Tuesdays Unwrapped: Open doors

I’m so excited that Emily has extended the invitation to unwrap more gifts on a Tuesday. I don’t know about you, but I need to be more purposeful in my thanks giving, and Tuesdays Unwrapped is the perfect opportunity to do that. Join us?

PS If you are new here, the following post makes more sense if you know that I am an American expat living in Europe. Otherwise, I sound like a crazy person. Because only crazy people take German lessons and get a turkey from a butcher unless, of course, they live in Switzerland.

I managed to procure the turkey. I am happy to report that at no time did I imitate a turkey by gobbling or resort to hand drawn bird cartoons during my two visits to the butcher. It wasn’t without a little drama and some embarrassment on my part, but the bird was purchased, cooked, and eaten with delight.

Around the holidays, we try to make the experience feel as authentic as possible, but it’s never quite the same. For one, there is no indulging the tryptophanic stupor when Thanksgiving falls on a regular school day. There isn’t Mom’s Cornbread Dressing or Aunt Carol’s Apple Pie to run off the next morning. And there are no familiar hugs and how are you’s. There is thanksgiving sandwiched between everyday and life.

On Friday, my German tutor asked me about it. She wondered how we fit the bird in our (not much bigger than an easy bake) oven, and if I could find all the fixings at the supermarket. Then she told me about a few of her family Christmas traditions; the advent wreath, the Christmas goose, and Grandfather trimming the tree on Christmas eve while the children wait expectantly in the next room. She showed me a photograph of her mother’s dog called Lia, and one of her nephew who is two and best babysat during nap time.

My eyes watered a little, and the photos blurred.

As we talked, I realized that the consistent feeling of being on the outside looking in, was starting to shift. As if the front door had been opened without my having to knock, and someone had called my name to invite me in. I felt like I’d been given a gift, an invitation to know and be known by another. And if all I can do is say ‘Hello, my name is Frau Coyle’ after four hours of lessons, then I’m still coming away having learned far more than how to make an introduction.

I’m not sure if she realized the difference she’d made, but that night I gave thanks for the gift, for the open door, the invitation and the chance to find something lovely sandwiched between everyday and life.

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  • I love this post because the “thanksgiving” sort of surprises us even in our homesickness. We are far away from our family, too, and have not been home for Thanksgiving in seven years. I find that I am both sad, but also happy for the things that I find I am thankful for.

    (Visiting from Chatting at the Sky.)

  • So thankful I found you from Tuesdays Unwrapped. I am impressed with your German and living overseas. My hubby was stationed in Germany for three years and I really didn’t learn much. I did feel like an outsider and counted down the days to come home. Looking back, wasted time, probably. Blessings.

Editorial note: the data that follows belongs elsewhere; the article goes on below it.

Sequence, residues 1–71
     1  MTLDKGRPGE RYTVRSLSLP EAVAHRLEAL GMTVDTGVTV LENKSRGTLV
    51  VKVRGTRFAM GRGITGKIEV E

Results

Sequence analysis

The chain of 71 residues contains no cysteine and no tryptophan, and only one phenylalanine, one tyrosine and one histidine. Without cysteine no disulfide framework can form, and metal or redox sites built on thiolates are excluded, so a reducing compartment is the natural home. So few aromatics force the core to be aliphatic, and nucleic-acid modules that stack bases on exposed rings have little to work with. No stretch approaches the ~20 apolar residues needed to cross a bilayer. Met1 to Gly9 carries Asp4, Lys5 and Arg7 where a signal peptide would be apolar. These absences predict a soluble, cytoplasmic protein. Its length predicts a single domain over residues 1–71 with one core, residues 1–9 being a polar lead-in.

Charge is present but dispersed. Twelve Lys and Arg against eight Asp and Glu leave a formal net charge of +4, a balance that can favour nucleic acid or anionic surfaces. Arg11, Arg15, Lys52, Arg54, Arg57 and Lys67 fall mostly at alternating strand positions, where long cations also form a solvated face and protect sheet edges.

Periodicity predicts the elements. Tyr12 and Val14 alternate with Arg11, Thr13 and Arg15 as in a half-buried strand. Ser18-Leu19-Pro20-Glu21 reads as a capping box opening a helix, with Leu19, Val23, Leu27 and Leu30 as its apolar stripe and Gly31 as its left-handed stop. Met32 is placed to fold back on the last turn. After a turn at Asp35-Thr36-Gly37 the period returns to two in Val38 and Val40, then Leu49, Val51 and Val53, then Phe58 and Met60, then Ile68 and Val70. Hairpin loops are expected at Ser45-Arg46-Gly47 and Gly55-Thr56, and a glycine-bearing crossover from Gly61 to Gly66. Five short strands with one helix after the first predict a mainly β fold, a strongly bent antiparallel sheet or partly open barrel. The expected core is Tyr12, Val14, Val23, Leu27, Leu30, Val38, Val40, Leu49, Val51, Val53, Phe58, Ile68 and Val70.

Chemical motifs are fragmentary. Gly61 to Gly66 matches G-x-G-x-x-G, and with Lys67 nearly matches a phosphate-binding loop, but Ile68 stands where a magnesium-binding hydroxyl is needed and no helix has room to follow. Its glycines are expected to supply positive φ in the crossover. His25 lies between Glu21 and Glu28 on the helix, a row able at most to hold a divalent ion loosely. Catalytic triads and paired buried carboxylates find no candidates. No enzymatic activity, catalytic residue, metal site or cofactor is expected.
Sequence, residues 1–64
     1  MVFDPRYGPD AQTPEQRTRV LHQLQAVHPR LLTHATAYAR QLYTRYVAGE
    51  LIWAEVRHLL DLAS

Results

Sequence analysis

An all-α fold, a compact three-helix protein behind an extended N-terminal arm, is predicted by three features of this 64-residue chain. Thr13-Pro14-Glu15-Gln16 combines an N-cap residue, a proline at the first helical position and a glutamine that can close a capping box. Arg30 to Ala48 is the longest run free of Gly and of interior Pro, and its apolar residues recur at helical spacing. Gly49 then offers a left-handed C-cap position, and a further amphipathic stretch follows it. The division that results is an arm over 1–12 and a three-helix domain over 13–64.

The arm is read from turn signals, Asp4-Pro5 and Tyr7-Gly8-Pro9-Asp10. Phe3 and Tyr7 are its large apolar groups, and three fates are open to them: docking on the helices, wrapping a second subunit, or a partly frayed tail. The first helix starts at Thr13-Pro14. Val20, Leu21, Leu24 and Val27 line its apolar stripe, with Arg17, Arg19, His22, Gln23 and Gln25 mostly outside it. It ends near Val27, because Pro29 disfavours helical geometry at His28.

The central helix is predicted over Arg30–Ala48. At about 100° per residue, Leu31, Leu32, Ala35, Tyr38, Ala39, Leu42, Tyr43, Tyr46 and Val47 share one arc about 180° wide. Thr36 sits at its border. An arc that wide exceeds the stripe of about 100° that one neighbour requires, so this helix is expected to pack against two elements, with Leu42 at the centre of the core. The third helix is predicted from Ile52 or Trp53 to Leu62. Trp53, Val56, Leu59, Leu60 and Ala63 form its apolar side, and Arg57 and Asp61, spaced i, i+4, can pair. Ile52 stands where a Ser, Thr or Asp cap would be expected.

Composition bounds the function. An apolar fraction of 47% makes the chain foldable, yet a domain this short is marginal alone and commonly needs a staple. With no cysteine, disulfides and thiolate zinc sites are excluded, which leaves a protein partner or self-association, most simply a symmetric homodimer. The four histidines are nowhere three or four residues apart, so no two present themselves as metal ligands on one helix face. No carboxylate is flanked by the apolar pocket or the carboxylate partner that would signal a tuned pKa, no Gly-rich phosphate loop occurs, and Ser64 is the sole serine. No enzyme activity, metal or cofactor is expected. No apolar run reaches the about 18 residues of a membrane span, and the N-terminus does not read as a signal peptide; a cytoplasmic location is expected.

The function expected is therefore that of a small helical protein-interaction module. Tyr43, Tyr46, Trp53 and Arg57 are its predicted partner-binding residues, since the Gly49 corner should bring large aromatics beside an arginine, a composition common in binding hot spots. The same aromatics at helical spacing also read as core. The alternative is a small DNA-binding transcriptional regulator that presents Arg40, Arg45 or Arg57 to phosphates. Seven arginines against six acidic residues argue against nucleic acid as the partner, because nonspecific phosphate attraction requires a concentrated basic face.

• I loved reading this and am so happy to have connected with you via Tuesdays Unwrapped. Can’t wait to read more of your words.

  • ” …an invitation to know and be known by another.”

    A great gift to receive … and to give. May your holiday season be a blessed one full of invitation and friendship and love.

    – Jennifer Dukes Lee
    Contributing Editor, TheHighCalling.org

  • Visiting from Chatting at the Sky…

    Grateful to have found you through Tuesdays Unwrapped. Enjoyed your Thanksgiving account. Thank you for sharing.

  • Kimberly, your gift here read like a movie scene – from the cartoon-less visit to the butcher to the not much bigger than an easy bake oven to the gracious sharing of Christmas traditions. Thank you for making me slow for the reading – a gift in itself today.

  • I loved reading this. What a gift that was to be invited into someone’s life…God always knows what we need and exactly when we need it. Precious. Thanks for stopping by to visit me too. 🙂

  • My in-laws live in Belgium, where I suspect the attitude is similar, to stay closed off until a level of trust is secured.

    When the door opens, and one is invited in…precious and priceless. That day you became more than the student, more than the expat.

  • I love the green trailing down. I grow that little plant in my front box on my tiny porch. And somehow, inconceivably, it always comes back after winter.

  • *sigh*

    This makes me cry. The part about feeling like you’ve been invited in.

    And it makes me laugh and cheer for you. For pushing on and getting that turkey and making it fit in your oven and making sweet memories in a brand new world. Yay, you!

    (BTW – You might enjoy this blog: http://fraukmwest.blogspot.com/ Kathy spent time as an expat in Germany. That’s where she was living when I first “met” her. I think you two might like each other.)